two poems

by Nicole Tallman

Paris, 1997

The old buildings I love most are occupied by gargoyles and grotesques. Half-human, half-animal. The more terrifying, the better. I feel guarded by what terrifies others. The horned one at the top of Notre Dame is my favorite. Gemory. That hideous beast. He would tear the heart right out of a lecherous man’s chest and eat it for a midnight snack.

I once had a whole camera roll full of photos of the gargoyles who guarded me from the lecherous men in my path. The word gargoyle in French, “gargouille,” comes from the Latin word for throat. I like throaty words like the French like their cigarettes—how they can be swallowed in slow, long, drags.

My friend C used to imitate the faces of grotesques when we would walk the cobbled streets of France. She would hiss, all spittle and throaty, as if she were being strangled to her death. Do I scare you? she would ask, eyes bulging maniacally from their sockets. I would tell her yes. It was my first real glimpse into her haunted face unhinged.


What they don’t tell you before the hysterectomy

is that most of your want may wane

&         that you may awake to feel that you’ve been de-sexed

&         that a uterus pulled through a vagina is a sedated form of birth

&         you may walk cautiously for quite some time afterwards

&         your bladder may often betray you

&         you may fear your own body and its lack of response to stimulation

&         if you save one ovary so you aren’t forced into a violent menopause at the age of 37, you will still have a ghost period that can be spookier than a bloody one because you can’t see it, which may make you feel like you’re going crazy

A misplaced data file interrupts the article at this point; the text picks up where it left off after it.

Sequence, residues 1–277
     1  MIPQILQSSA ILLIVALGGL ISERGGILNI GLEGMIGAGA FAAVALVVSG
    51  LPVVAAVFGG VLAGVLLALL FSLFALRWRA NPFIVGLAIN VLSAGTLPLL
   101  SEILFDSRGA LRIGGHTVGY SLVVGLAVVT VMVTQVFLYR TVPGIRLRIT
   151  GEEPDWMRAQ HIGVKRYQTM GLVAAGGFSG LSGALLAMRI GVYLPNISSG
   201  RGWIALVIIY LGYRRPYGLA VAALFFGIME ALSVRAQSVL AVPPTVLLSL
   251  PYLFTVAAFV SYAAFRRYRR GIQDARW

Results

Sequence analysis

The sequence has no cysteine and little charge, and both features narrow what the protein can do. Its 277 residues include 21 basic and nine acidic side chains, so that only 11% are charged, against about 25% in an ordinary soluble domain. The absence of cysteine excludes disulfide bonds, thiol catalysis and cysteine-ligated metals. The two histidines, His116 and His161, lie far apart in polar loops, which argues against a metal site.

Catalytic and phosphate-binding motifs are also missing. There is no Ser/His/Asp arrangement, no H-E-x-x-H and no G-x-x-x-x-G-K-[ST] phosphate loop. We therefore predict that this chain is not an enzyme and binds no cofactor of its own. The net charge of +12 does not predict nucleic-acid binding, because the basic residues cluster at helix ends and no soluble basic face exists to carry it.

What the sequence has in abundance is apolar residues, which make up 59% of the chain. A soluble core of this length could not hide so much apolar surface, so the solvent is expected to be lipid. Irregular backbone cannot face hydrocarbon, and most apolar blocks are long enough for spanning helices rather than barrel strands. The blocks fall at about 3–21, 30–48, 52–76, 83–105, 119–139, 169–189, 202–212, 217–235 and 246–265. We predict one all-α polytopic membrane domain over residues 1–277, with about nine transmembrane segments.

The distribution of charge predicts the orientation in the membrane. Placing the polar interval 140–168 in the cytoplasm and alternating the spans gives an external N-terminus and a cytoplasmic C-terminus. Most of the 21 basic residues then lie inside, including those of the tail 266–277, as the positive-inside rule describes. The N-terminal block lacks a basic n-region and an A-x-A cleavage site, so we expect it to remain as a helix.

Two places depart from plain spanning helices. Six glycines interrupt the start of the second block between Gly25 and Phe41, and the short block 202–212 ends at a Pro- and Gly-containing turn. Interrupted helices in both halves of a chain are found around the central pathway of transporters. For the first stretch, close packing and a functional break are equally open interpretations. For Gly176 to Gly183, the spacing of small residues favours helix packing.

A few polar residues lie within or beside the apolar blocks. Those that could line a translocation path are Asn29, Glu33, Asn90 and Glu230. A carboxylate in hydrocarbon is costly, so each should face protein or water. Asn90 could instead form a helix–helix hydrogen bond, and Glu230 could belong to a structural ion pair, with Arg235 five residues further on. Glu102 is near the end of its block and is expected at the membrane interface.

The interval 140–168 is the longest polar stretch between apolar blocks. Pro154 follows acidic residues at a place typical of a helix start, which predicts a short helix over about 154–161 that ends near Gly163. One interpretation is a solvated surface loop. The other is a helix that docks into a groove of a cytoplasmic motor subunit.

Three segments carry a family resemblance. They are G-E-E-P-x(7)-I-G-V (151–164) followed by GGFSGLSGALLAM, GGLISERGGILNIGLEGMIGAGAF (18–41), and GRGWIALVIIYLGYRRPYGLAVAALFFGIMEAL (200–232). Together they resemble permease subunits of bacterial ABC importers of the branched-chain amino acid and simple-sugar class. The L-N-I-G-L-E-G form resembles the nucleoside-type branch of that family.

&         other women will say you’re so lucky to no longer bleed, but you will say that your one    
remaining ovary has jumped into overdrive—so much so that you may feel the acceleration of age, which may make you feel like you’re turning 50 instead of 40

&         you can’t take hormones to counter these side effects due to your predisposition to cancer so you will have to suffer through it, just like you suffered through the heavy, painful periods that prompted this surgery in the first place

&         you may feel very disconnected from your body in ways that mimic a depression, but people will ask how you can possibly feel depressed when your life is so amazing, and you will question your decision when hot flashes and brain fog further dismantle you

&         you will ask if there is ever any real relief from being a woman.

Nicole Tallman is the author of three collections: SOMETHING KINDREDPOEMS FOR THE PEOPLE, and FERSACE. She serves as the Poetry Ambassador for Miami-Dade County, Poetry and Interviews Editor for The Blue Mountain Review, and Associate Editor for South Florida Poetry Journal. Find her on Twitter and Instagram @natallman and at


Photography by: Francesco Ungaro